Removal of Royal Mail price controls 'bad for DM'

By Simon Nias, Friday 16 December 2011

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Ofcom's proposal to remove Royal Mail price controls is expected to be "bad news" for the direct mail sector and could result in double-digit price hikes for transaction mail.

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Ofcom's proposed changes, which are intended to make Royal Mail more competitive in order to safeguard the universal service, include the removal of pricing controls on business and bulk mail and greater freedom in the price it charges rivals for access to its network.

Lance Hill, sales and marketing director at 4DM Group, said: "The harsh reality is that this is going to be another difficult challenge for the mailing sector - Royal Mail is not in a good place and the only way for it to get in a better place is to put prices up.

"The gut feeling is that the proposals will go through in April and there will then be a big increase in transactional mailing costs, with another smaller increase in DM. I can see this impacting the DSA providers a lot and resulting in more people moving back to Royal Mail."

Hill stopped short of criticising Ofcom and Royal Mail for the anticipated price hikes, saying that the organisation needed to "get back onto a sustainable footing and into profit long-term".

However, he added: "It will be bad news for us [DM printers] and for the DSA providers."

Meanwhile the DMA has warned that Ofcom's proposals, which it claimed were intended to help achieve a privatisation of Royal Mail, could undermine competition and threaten the long-term prospects of the medium by driving businesses away from using mail.

Mike Lordan, chief of operations for the DMA, said: "The proposed changes to postal regulations set out in the public consultation are clearly intended to make Royal Mail an attractive proposition for investors. However, we believe there’s a danger that the Government has gone too far in its plans to prepare Royal Mail for sale to the private sector.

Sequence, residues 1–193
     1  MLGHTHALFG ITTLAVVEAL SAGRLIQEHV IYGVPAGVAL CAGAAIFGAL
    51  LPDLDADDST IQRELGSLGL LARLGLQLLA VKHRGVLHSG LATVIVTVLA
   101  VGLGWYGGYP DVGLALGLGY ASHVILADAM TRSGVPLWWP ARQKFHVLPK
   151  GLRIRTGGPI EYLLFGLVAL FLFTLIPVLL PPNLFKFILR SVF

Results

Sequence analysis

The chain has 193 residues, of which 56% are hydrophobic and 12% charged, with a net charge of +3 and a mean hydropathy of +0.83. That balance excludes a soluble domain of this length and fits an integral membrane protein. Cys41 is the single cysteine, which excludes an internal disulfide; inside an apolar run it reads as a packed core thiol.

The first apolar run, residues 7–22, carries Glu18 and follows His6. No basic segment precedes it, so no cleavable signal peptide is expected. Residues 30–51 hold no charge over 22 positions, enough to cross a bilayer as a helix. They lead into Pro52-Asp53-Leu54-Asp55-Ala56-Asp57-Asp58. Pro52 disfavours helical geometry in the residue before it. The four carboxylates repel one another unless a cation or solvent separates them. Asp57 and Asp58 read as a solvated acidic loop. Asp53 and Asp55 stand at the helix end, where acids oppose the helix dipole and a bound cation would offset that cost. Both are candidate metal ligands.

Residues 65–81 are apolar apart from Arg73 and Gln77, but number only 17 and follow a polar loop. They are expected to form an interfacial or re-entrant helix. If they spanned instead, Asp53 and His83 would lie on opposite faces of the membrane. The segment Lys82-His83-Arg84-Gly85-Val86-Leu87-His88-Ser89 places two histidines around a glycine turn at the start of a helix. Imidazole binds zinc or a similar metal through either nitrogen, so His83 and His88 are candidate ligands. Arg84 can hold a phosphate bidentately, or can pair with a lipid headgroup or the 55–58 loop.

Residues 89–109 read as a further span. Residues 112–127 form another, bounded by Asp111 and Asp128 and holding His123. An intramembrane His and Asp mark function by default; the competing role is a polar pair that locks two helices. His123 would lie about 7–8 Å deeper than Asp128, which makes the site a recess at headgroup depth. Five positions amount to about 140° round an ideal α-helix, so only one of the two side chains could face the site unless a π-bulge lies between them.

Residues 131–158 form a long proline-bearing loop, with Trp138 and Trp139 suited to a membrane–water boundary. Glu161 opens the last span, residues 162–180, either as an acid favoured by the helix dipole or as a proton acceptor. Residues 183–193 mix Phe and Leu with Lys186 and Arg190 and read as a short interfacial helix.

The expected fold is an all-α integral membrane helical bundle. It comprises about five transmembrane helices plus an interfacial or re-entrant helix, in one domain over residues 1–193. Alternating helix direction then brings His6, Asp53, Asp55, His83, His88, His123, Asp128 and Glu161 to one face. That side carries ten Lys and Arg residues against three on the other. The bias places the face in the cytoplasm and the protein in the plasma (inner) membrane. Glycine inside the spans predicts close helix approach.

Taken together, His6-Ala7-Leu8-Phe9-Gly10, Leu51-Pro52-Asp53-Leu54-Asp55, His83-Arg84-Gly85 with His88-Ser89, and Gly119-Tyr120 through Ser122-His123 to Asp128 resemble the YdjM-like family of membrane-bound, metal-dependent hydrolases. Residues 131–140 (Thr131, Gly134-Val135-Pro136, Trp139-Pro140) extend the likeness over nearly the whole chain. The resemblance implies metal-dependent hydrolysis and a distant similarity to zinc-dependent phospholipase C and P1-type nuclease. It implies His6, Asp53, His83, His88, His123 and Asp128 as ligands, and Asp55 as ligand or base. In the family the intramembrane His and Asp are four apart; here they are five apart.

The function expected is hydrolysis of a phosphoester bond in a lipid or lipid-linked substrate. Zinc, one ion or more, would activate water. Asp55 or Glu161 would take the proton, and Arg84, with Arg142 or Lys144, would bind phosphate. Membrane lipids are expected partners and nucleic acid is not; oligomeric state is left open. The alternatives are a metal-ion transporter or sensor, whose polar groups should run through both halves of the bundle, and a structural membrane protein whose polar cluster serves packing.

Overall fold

"We want to see a healthy and vibrant Royal Mail. The businesses and organisations we’ve spoken to are in complete agreement that some of the proposed changes to postal regulation could be hugely damaging to the long-term prospects of transactional and advertising mail.

"Granting a monopoly the ability to raise its prices without adequate safeguards is very dangerous and could drive more and more businesses away from mail, which is concerning as mail volumes are already declining year-on-year."

According to the DMA, transactional mailers have been squeezed by a 15-20% price increase on the cost of bulk mail services in the past year and many have said they plan to withdraw from using mail if Royal Mail abuses its new commercial freedom by imposing another round of large price rises.

Hill also warned that any hike in transactional mailing costs was bound to have a knock-on impact on direct mail. "I'm worried as a non-transactional mailing house because if transactional mail gets hit it will affect marketing budgets," he said. "These companies only have so much money to spend and if a larger portion goes on their billing, which is compulsory, that will leave less of the pot for advertising."


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